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Executive Summaries Aug 25, 2020

Equity Crowdfunding: An Alternative to Traditional Financing Not Enough Used by SMEs

In recent years, due to the aggressive growth of financial technologies, commonly referred to as FinTech, and of social media, a phenomenon has emerged that allows easier access to capital for individuals as well as companies or organisations: crowdfunding.*

Crowdfunding can be defined as a means of raising capital, in small amounts, from several members of the public, usually through a web portal. In most cases, this is a fairly flexible way of raising money to finance an economic, cultural, artistic or other project.

There are different types of crowdfunding such as:

  • donation;
  • reward; or
  • equity crowdfunding.

Equity crowdfunding is especially interesting for startups or small and medium-sized enterprises (SMEs). The main feature that sets equity crowdfunding apart from more “traditional” crowdfunding is that members of the public, who actually are investors, will, for their financial contribution, obtain shares, debt or other eligible securities in the business in which they invest.

This underwriting transaction is made through an equity crowdfunding portal, which acts as an intermediary between the company - or issuer - and the investors. By offering the project’s holder the opportunity to establish direct connections with the contributors, the equity crowdfunding portal helps to avoid traditional intermediaries like financial institutions and investment brokers, at least on the surface. In the province of Quebec, eight equity crowdfunding portals are currently offering their services, of which only one is registered as a broker.

An Alternative to Traditional Financing That Is Accessible but Rarely Used

Equity crowdfunding offers an alternative to more traditional means of financing businesses, such as those offered by banks, venture capital companies or angel investors, among others. The growing attractiveness of equity crowdfunding from a legislator’s and regulator’s point of view over the last few years can thus be explained by the economic fallout from the 2007-2008 financial crisis and by the reluctance of banks and other traditional financing providers to inject money into the economy in the form of loans to private companies.

Unlike other forms of crowdfunding, which are mostluy unregulated, equity crowdfunding is subject to a number of regulations. However, so far, this “new” method of financing businesses has had little success. This can probably be explained by the general lack of information on the subject or by a sometimes inadequate and restrictive regulatory framework.

The Canadian Securities Administrators (the “CSA”) have recently confirmed the limited expansion of equity crowdfunding in Canada: the number financed projects is small and their amount is limited. In the CSA notice of consultation published on February 27, 2020, for a proposed National Instrument 45-110 respecting Start-up Crowdfunding Registration and Prospectus Exemptions, the CSA quantified equity crowdfunding as of December 31, 2019, as follows:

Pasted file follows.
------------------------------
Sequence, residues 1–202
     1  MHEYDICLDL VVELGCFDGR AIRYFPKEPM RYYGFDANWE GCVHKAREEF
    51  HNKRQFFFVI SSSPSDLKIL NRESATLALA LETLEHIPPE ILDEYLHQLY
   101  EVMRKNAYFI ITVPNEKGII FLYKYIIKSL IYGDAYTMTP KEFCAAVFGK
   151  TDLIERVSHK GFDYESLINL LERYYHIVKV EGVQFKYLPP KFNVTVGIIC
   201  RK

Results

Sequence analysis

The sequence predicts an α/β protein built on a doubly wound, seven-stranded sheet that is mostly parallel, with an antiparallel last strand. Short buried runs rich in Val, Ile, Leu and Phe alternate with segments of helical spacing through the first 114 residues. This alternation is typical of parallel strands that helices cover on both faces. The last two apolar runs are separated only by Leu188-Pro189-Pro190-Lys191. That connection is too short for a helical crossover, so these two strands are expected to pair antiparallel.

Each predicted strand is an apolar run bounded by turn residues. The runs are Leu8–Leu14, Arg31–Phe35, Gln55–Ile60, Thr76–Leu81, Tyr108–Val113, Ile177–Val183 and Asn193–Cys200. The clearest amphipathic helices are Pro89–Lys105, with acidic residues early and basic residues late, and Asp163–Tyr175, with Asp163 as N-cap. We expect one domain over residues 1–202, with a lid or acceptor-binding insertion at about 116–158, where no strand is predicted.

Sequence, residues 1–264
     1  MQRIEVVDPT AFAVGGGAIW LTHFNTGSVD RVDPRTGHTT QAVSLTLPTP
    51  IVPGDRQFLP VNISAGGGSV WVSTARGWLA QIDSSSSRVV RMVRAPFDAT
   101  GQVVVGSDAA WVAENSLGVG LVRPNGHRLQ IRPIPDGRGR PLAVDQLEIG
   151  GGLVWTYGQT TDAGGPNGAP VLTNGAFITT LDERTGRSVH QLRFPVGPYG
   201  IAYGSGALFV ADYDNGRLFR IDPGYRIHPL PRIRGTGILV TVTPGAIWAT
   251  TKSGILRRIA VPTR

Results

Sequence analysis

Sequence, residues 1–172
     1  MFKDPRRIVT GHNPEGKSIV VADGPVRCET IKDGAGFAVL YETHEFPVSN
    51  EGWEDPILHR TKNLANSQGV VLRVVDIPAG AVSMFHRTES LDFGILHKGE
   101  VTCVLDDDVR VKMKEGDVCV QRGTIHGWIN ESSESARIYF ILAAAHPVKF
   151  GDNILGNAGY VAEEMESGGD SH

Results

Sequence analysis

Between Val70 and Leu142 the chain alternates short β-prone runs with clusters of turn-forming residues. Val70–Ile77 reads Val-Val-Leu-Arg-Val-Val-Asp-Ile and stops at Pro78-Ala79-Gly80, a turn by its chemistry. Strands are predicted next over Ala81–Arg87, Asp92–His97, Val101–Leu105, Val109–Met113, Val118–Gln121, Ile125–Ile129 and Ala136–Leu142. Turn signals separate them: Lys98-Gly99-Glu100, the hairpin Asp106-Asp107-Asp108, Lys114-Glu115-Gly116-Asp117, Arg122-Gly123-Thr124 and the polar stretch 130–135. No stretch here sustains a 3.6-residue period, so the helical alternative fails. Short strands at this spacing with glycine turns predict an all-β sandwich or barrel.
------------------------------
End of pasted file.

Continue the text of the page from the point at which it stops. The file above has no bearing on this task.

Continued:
• 11 funding portals have relied on the registration exemption under the startup crowdfunding blanket orders in order to establish platforms;
  • A total of 70 distributions have been completed in reliance on the prospectus exemption under the startup crowdfunding blanket orders by 62 different issuers;
  • the aggregate proceeds of all distributions made under the startup crowdfunding blanket orders is $3,470,754 ($4,709,919 including the amounts raised with other prospectus exemptions as part of the same crowdfunding offering);
  • the average investment amount per investor for distributions made in reliance of the startup crowdfunding blanket orders is $734; and
  • no one has taken advantage of the regime introduced by Regulation 45-108 respecting Crowdfunding.

Nevertheless, in the current economic conjuncture characterized by a global economic downturn caused by the COVID-19 pandemic, it may be even more relevant for financially distressed companies to use one of the various regimes surrounding equity crowdfunding than ever before. Such financing is a valuable tool to help them get out of their financial difficulties. Now would be the perfect time for the CSA to complete the process surrounding the enactment of the new regulation on equity crowdfunding, i.e., draft Regulation 45-110 respecting Start-up Crowdfunding Registration and Prospectus Exemptions, so that Quebec and Canadian startups can use this capitalization instrument to secure their current and future activities.

Should you have any questions regarding this article or corporate financing in general, please do not hesitate to contact our corporate finance and securities team.


* This article is written jointly with Ivan Tchotourian, associate professor at the Faculty of Law of Université Laval and co-director of the Centre d'études en droit économique (CÉDÉ).

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